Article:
We’re been posting images of unusual implements to our facebook page in conjunction with our current “What is it?” museum exhibit.
The Goodell Bonanza Apple Peeler Corer was created by David H. Goodell whose Goodell company produce a variety of devices to aid in the processing apples and other fruits. Goodell became the Governor of Hew Hampshire in 1889.
Today is Tomorrow’s Yesterday
If history helps connects us to the past, then in a way it also helps connect us to the future. Today is tomorrow’s yesterday.
Despite decades of research done by our museum volunteers, there are still countless stories to be unearthed and told about the people, places, and events that have helped make our little community what it is today.
We love sharing those stories with you through our exhibits, school visits and tours, speakers and presentations, our website, and even a few new-fangled ways of communicating.
No one here is working for peanuts. (Well, except Chip.) We are volunteers and work for the love of history and the pleasure of sharing Webster’s story with you.
There is still no admission charge to visit the Webster Museum.
We rely on the kindness of our neighbors and friends to assist us in keeping the doors of the Webster Museum open.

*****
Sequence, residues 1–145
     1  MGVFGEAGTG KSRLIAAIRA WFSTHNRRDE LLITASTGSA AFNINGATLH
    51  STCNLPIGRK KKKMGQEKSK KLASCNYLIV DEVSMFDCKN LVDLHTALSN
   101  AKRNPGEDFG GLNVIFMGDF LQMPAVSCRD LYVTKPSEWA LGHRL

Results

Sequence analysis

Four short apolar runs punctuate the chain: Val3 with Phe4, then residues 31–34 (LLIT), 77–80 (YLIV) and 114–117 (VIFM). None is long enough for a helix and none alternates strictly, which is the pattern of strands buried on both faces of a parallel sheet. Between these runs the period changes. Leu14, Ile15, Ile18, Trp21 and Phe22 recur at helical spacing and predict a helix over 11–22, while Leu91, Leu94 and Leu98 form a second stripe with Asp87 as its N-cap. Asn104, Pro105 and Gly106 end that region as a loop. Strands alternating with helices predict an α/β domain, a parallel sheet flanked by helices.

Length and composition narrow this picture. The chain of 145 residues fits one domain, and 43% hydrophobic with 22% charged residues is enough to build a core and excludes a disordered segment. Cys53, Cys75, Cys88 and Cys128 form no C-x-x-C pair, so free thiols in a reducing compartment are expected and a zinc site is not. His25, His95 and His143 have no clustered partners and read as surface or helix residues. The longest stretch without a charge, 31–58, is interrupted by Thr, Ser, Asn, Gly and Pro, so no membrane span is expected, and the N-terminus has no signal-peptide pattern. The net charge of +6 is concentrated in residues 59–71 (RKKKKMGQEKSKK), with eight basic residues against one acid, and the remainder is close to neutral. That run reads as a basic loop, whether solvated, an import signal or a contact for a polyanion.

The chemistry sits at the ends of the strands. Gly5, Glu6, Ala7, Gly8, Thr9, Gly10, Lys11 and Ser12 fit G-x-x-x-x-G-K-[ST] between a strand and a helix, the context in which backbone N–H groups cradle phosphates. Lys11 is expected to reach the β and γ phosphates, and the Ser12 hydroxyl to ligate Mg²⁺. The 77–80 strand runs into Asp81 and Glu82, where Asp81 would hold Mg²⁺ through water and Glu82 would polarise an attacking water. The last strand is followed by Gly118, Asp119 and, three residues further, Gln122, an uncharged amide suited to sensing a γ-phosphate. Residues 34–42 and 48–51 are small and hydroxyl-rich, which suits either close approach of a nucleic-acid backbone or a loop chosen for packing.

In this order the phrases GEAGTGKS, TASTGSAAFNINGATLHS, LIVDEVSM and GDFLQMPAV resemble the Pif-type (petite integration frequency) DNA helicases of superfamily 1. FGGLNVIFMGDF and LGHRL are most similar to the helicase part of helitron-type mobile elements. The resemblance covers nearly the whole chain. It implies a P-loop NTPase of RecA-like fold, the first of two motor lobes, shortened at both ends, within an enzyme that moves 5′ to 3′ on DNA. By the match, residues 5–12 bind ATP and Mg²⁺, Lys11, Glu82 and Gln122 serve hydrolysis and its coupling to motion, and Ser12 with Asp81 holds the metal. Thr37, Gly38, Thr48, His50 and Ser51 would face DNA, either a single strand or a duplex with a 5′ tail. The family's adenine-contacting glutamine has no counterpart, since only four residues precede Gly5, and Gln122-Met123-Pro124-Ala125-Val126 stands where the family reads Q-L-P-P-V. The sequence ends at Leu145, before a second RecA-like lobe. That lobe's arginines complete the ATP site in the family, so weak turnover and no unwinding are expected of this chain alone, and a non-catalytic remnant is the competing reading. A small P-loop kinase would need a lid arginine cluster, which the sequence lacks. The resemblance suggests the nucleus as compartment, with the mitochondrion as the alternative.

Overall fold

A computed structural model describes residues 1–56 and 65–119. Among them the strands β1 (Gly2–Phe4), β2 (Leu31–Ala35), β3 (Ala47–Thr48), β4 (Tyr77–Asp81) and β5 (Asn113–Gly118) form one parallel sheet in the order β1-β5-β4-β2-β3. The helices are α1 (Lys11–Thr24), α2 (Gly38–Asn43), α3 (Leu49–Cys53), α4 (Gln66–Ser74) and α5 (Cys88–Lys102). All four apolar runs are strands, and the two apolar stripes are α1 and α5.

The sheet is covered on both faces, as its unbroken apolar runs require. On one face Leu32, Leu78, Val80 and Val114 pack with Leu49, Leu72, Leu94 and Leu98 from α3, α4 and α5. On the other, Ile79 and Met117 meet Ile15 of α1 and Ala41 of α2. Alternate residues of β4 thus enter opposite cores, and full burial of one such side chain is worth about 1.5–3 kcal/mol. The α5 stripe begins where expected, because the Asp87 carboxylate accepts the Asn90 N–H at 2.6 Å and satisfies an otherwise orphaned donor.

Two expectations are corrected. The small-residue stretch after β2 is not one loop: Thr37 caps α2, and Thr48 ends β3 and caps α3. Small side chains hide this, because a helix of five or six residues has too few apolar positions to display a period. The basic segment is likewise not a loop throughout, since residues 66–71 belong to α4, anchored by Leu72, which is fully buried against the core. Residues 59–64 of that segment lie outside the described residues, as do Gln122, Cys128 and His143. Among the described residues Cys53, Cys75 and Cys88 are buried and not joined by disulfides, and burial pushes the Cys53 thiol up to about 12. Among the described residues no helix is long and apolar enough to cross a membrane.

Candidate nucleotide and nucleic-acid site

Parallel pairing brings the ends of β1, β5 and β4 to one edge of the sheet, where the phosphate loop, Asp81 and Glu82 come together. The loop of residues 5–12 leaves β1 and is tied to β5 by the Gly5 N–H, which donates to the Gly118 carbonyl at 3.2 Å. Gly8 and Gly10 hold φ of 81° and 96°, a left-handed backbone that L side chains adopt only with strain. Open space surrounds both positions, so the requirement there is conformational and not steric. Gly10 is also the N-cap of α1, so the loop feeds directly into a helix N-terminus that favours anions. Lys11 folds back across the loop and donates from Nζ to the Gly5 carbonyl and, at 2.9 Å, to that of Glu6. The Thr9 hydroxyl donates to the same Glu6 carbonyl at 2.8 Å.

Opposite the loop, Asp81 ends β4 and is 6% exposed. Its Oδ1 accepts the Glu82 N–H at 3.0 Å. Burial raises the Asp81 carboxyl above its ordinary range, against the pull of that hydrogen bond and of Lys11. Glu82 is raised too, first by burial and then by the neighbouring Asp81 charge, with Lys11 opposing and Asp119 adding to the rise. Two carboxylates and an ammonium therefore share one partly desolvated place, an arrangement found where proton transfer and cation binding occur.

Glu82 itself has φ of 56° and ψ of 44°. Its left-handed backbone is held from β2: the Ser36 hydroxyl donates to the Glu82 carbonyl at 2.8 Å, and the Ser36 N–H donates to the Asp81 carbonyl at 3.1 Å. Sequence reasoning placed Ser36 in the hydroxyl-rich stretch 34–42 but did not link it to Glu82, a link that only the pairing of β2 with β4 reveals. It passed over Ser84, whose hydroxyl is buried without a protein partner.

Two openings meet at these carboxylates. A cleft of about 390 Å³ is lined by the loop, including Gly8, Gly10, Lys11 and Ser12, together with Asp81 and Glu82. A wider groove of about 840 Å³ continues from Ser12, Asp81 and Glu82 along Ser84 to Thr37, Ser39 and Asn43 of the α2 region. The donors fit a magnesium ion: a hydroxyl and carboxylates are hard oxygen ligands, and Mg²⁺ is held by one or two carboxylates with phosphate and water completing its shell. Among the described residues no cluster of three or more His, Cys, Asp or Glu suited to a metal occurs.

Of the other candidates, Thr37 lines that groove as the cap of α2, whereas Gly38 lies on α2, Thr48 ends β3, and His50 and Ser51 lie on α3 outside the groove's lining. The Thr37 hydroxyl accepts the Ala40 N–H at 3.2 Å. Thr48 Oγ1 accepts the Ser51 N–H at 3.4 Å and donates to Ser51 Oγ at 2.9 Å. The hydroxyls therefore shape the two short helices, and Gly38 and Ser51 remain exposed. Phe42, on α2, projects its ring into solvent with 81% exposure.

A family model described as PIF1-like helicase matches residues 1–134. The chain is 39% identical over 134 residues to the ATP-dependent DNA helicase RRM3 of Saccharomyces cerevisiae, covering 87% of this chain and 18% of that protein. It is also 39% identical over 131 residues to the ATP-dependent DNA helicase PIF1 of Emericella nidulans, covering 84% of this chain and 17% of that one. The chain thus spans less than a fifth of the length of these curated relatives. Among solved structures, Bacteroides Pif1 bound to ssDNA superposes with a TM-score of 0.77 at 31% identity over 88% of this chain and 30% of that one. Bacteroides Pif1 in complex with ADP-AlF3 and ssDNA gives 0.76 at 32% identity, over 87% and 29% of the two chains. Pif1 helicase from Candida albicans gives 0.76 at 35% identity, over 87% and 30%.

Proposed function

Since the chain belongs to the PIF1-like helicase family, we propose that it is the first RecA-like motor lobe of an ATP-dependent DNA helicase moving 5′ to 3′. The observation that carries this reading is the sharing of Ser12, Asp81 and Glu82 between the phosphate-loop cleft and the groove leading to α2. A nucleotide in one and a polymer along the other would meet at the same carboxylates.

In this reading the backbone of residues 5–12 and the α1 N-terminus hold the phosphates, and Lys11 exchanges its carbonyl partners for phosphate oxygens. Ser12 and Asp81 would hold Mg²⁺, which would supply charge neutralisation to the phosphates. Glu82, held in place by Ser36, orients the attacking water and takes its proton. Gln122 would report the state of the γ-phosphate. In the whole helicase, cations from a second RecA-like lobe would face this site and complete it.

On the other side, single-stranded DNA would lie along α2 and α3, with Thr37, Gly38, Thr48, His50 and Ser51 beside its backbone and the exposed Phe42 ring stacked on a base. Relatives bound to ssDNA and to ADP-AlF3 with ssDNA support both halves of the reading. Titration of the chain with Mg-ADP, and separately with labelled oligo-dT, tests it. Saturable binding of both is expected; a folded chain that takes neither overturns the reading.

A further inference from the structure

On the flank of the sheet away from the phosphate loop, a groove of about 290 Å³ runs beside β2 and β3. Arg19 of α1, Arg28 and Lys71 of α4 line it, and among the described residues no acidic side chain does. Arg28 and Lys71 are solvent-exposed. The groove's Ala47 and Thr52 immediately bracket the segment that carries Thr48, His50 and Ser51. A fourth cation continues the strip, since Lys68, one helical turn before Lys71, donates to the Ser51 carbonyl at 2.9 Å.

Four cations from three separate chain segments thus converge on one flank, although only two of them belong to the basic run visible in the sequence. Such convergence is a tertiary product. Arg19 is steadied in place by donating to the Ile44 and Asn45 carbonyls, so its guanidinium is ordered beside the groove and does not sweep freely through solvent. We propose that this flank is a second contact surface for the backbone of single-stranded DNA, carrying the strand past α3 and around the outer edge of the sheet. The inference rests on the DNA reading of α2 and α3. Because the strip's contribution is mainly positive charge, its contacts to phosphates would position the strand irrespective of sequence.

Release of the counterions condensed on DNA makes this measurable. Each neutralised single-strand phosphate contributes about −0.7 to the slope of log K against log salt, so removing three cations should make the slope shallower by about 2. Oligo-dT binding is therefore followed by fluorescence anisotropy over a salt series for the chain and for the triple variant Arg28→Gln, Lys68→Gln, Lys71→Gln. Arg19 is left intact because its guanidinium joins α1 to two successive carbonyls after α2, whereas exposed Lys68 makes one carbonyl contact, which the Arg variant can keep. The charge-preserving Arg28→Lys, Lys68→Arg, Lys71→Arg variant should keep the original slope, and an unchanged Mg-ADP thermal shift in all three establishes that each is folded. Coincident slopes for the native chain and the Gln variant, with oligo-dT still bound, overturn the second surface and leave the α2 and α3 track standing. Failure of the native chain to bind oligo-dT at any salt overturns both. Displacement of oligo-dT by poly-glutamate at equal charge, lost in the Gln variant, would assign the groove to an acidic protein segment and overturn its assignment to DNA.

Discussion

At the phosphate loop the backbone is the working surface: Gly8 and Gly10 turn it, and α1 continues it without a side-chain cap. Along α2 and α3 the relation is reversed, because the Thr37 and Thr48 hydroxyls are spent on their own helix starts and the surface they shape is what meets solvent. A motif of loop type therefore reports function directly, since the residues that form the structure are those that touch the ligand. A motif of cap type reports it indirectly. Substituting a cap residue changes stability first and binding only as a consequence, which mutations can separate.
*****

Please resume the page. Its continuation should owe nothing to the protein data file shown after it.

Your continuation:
In the earliest days when lakes, streams, and rivers served as highways through the wilderness, the nation that ruled the mouth of the Oswego River dominated North America. The convergence of the Oswego and Lake Ontario was a key point on the most navigable water route from the east into the interior of the continent. It was there that Fort Ontario was built. Just as quickly, however, the fort was destroyed, as competing armies seized control of this valuable point. Time after time the fort was rebuilt, and over the years it acquired a history as unique as its location. Fort Ontario: Guardian of the North is the first history of this remarkable and resilient fort, credited with being the oldest continuously garrisoned post in the United States. The book chronicles the many transformations of Fort Ontario from the time it was built in 1755 up to its present-day status as a New York State Historic Site. With paintings, maps, photographs, and informative text, the book brings back the fort's years as a company post, its World War I role as a major army hospital, and its World War II years as a shelter for Jews fleeing the Holocaust--the only wartime refugee shelter in the history of the United States.
Near the shores of Lake Ontario lie Parma, Hilton, and several other pioneer communities once connected by Indian trails. Parma was named in honor of the Italian city and province of the same name and Hilton village, once known as North Parma, was renamed after Rev. Charles A. Hilton, a Civil War veteran and Baptist minister. Before the Civil War, the area was known as the Nation's Breadbasket. It became a leading fruit production center near the end of the 19th century and attracted immigrants from around the world. Parma and Hilton uses images from throughout the century to illustrate the pioneer times, the development of government, life on the waterfront, transportation and communication,
schools and churches, business and industry, and festive days of celebration.